It’s fun to have visitors here, but it’s also fun for us to travel with our guests. While my sister was here we went to Croatia, we went to Pompeii with my parents and grandma, and at the beginning of Katie and Jim’s trip we went to Rome. For the end of Katie’s trip, we wanted to do another “excursion”, so we did a little research, got some suggestions, and booked a trip to Turkey for 9 days.
Usually we plan our trips ourselves, but Turkey seemed a little daunting to us, so we ended up finding a tour with G Adventures. They’re a really great tour company – they have small tours (there were only 11 people in our group), local guides, and a nice balance of scheduled activities and free time to explore on your own. One or two meals a day is usually included, and the rest you can do on your own. The guide will usually pick a restaurant they are going to go for dinner that night, and you can choose to go with them, or not. I did a trip with a similar company when I went to Thailand, and I think it’s a really great way to travel. They’re also very affordable.
Turkey was wonderful; all three of us were very happy with the trip. We didn’t plan well for the weather (we had to do a little shopping there for warmer clothes), but it was beautiful, the food is great, and we had a really fun time.
Plus, Turkey has TONS of cats everywhere. And they’re all healthy and well taken care of and friendly. Paradise for a cat lover.
We had been a bit concerned with everything we have been reading in the news about what’s going on at the border with Syria and other ISIS related things, but we felt absolutely no danger or threat.
Our trip started in Istanbul, which is an amazing city that straddles the European and Asian continents. It’s massive and full of history and beautiful mosques, churches, and other sights. We got in late and had dinner, and then left the next morning for the Gallipoli Peninsula.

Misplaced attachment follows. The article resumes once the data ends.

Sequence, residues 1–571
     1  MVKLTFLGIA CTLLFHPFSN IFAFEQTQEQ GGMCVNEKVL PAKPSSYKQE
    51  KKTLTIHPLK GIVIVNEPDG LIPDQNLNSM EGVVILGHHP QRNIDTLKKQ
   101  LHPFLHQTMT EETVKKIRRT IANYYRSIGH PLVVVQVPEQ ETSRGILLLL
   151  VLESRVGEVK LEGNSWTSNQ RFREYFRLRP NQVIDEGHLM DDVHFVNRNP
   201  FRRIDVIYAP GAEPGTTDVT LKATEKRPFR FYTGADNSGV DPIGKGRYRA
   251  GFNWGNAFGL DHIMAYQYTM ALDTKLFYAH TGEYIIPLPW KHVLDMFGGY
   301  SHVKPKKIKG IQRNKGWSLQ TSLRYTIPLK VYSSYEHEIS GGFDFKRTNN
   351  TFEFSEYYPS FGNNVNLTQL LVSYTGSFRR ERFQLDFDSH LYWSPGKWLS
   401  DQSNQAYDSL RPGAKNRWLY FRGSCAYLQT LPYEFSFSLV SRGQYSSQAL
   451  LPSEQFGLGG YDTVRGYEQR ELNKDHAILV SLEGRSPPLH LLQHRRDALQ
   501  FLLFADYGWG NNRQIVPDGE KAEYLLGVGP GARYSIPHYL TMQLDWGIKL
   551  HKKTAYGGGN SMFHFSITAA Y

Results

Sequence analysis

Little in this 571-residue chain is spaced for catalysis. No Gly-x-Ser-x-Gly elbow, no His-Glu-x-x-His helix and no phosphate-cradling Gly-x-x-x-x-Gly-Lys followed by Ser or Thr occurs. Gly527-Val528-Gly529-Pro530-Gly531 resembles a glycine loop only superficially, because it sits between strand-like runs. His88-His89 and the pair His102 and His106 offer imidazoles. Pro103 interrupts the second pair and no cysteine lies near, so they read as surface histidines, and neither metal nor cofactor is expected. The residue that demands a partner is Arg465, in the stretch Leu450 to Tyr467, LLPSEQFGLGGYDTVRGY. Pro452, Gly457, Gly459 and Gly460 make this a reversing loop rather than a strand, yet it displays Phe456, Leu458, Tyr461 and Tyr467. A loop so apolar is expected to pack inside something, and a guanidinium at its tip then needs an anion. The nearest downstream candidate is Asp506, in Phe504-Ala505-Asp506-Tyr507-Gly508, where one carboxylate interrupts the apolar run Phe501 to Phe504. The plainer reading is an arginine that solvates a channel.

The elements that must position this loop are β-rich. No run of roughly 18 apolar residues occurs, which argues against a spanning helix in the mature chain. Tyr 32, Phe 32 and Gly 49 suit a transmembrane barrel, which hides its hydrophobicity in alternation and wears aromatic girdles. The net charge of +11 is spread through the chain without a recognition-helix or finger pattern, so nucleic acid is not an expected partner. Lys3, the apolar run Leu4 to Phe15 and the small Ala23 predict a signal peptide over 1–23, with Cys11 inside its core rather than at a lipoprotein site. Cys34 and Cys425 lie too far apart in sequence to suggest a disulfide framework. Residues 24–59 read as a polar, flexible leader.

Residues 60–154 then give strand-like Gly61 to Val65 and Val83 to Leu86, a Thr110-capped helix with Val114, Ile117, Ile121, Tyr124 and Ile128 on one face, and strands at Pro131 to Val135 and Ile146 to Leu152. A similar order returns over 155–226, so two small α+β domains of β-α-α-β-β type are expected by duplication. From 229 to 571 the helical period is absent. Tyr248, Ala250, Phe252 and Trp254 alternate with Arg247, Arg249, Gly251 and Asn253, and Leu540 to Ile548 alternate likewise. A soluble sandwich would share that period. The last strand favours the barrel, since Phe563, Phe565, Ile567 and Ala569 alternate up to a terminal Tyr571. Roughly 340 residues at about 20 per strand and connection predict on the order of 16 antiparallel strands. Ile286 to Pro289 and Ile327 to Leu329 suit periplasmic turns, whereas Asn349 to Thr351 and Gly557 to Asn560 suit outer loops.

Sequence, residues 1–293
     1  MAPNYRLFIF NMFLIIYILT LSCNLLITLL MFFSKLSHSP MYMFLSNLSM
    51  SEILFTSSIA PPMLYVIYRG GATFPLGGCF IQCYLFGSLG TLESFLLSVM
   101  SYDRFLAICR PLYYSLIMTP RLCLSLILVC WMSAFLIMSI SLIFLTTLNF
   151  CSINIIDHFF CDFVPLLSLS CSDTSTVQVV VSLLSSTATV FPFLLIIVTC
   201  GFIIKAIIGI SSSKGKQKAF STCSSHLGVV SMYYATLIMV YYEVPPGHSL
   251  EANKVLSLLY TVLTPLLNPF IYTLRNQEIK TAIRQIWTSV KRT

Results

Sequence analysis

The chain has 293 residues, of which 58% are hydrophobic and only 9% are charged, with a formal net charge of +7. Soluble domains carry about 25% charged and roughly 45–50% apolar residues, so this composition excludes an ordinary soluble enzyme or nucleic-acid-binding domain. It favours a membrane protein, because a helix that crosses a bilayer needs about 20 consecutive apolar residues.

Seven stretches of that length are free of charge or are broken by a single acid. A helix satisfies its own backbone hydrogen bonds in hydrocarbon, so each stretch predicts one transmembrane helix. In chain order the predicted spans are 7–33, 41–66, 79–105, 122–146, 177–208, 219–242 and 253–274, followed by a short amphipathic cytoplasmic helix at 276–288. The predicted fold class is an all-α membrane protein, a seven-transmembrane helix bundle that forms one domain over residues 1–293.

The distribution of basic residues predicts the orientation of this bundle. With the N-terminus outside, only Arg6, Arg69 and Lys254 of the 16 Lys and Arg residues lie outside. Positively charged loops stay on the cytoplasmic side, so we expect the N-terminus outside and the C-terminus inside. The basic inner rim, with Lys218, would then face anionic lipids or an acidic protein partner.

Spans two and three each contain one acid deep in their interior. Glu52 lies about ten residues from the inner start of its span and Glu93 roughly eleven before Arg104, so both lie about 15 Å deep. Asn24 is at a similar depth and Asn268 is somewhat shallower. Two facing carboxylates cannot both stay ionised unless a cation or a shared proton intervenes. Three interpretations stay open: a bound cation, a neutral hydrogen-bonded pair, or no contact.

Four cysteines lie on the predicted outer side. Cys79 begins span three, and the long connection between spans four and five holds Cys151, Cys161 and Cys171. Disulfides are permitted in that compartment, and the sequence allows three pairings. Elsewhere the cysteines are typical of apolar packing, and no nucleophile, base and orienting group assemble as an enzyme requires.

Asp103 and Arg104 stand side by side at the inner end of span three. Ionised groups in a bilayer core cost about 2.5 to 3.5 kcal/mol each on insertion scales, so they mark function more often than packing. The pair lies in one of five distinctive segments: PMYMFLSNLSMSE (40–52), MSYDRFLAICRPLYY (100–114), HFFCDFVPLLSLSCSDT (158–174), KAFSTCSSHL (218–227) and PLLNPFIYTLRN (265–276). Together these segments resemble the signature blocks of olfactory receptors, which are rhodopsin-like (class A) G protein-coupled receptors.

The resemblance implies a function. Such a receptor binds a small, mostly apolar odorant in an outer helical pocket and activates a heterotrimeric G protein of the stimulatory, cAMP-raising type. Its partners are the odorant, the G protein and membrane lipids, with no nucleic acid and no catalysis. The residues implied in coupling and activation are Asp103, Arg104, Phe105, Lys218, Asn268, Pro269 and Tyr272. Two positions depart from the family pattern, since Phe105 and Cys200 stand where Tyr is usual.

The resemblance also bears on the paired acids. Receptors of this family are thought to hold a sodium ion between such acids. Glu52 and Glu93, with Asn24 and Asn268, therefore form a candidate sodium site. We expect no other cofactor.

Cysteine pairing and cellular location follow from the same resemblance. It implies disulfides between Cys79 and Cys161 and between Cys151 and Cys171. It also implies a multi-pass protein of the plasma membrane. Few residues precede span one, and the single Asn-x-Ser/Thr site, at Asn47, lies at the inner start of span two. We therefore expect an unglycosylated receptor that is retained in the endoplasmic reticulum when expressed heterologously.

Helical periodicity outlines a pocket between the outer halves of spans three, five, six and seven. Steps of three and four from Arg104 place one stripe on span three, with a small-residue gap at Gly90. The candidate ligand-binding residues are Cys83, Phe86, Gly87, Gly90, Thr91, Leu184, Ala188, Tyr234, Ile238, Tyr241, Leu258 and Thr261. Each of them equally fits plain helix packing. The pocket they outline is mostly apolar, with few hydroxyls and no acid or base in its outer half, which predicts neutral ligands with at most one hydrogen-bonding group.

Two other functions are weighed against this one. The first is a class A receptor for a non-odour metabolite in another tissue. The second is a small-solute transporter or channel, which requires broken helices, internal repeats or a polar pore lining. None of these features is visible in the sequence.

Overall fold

Gallipoli is the site of the WWI battle between the Ottoman Empire and the Allied powers. The Allies, mostly New Zealanders and Australians, landed at Anzac Cove in April 1915, and fought a long, miserable, losing battle against Ottoman forces before evacuating in December and January. The battle is very significant for both the Turks and the Australians and New Zealanders for similar reasons. For both, the battle is a source of national pride and led to the formation of their own identities and nations. It is something of a pilgrimage site, and thousands of people come every year to celebrate Anzac Day. Thousands of men lost their lives there, and they are beautifully remembered.
From Gallipoli, we went to Canakkale where we stayed overnight, saw the Trojan horse used in the movie Troy, ate baklava, and wandered the city a bit.
Next we toured the city of Troy. It isn’t the best preserved of the ancient cities, but there are impressive layers (literally) of history there dating back over three thousand years. The city had been thought to be a legend until it was discovered in the mid 1800s.
In Ayvalik, we chartered a boat and went for a little cruise. The weather wasn’t ideal, but a few of us (not me) still swam. The coastline and water were beautiful. After the boat ride, we tracked down some Irish Coffee to help warm us up.
We stayed that night in an old Ottoman mansion that had been converted into a guest house. It was charming, and had amazing views.
One of the highlights of the trip was Pamukkale, white cliffs of travertine hot springs where we swam. They weren’t all full when we were there, but these photos give a better view of what they can look like.
That night we saw Whirling Dervishes. The Dervishes are part of the Mevlevi Order, and the “whirling” is part of a religious ceremony and spiritual connection. Since it is a ceremony, and not a show, we were not allowed to take photos. They came back out after the ceremony though and let us photograph. It was really amazing to see. It’s almost trance like.
The next morning we took an early flight back to Istanbul where we had a guided tour one day, and then spent another two days on our own before our flights home. We saw the Blue Mosque, Aya Sofia, the Basilica Cistern (which is huge, beautiful and amazing), the Grand Bazaar, the Spice Bazaar, walked across the Galata Bridge, and saw the Topkapi palace.
So far I’ve said this about everywhere I’ve gone, but I’d love to return to Turkey. We only saw a small part of the country, and there is so much more.